Indra said:

21-23. O mind-born (god), I shall become (i.e. turn myself into) a handsome, virtuous, wealthy man; and through curiosity I shall disturb this woman. O you dear to Rati, (I shall disturb her only through curiosity; and) not through longing for her, nor for frightening her, nor through cupidity, nor through infatuation, nor again through anger. (I am telling) the truth (and) the truth (only). How can I see her true devotion to her husband? Going from here I shall turn her (away from her vow). The cause for that would be the infatuation (caused) by you.

24-29. Having thus ordered the god of love, the king of gods brought about a change in himself (i.e. took up a different form), became handsome and virtuous, made his body graceful by ornaments, was endowed with all possessions and all pleasures and amusements, and possessed all generosity. He would show (i.e. he showed) his sportive movements, handsomeness, virtues and sincerity at the place where, O king, that respectable woman, the dear (wife) of Kṛkala, stayed. But she did not at all look at the man possessing the wealth of handsomeness. O king, Indra would (follow her to) see her wherever she went. The thousandeyed god looked at her only with a longing mind and with all expressions of lustful acts. Wherever the woman went—into a crossway, along a path or to a holy place, the thousand-eyed (god) saw her.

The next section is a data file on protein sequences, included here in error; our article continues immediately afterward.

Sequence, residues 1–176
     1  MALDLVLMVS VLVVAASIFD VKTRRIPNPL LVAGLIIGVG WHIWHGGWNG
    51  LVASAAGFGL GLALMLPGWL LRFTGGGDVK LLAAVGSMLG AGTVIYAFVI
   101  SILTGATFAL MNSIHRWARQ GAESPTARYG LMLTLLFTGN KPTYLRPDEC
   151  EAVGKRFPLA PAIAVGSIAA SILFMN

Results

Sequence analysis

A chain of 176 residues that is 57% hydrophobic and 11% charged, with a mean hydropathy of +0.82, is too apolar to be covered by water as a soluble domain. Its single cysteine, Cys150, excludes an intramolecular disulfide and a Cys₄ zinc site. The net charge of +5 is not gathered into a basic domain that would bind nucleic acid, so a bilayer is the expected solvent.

30-32. The female messenger sent by Indra went to Sukalā; and having smiled she said to the glorious Sukalā: “O (great are) your truthfulness, courage, charm and forbearance. In the world there is no other beautiful woman resembling a form like that of this one. O auspicious one, who are you? Whose wife are you? He, whose virtuous wife you are, is blessed and meritorious on the earth.”

33-37. Hearing her words the high-minded lady said (to her:) “(Kṛkala) the religious-minded one, lover of truth, was born in the vaiśya caste. I am telling you the truth: I am the dear wife of that intelligent and veracious Kṛkala. That my very intelligent, righteous-minded husband has gone on a pilgrimage. O glorious one, listen; three years have passed since he, my lord, left (for the pilgrimage). Since then I have been afflicted without (i.e. due to separation from) the magnanimous one. Thus I have told you all this my account. Tell me who, that ask me (‘who I am’), you are.”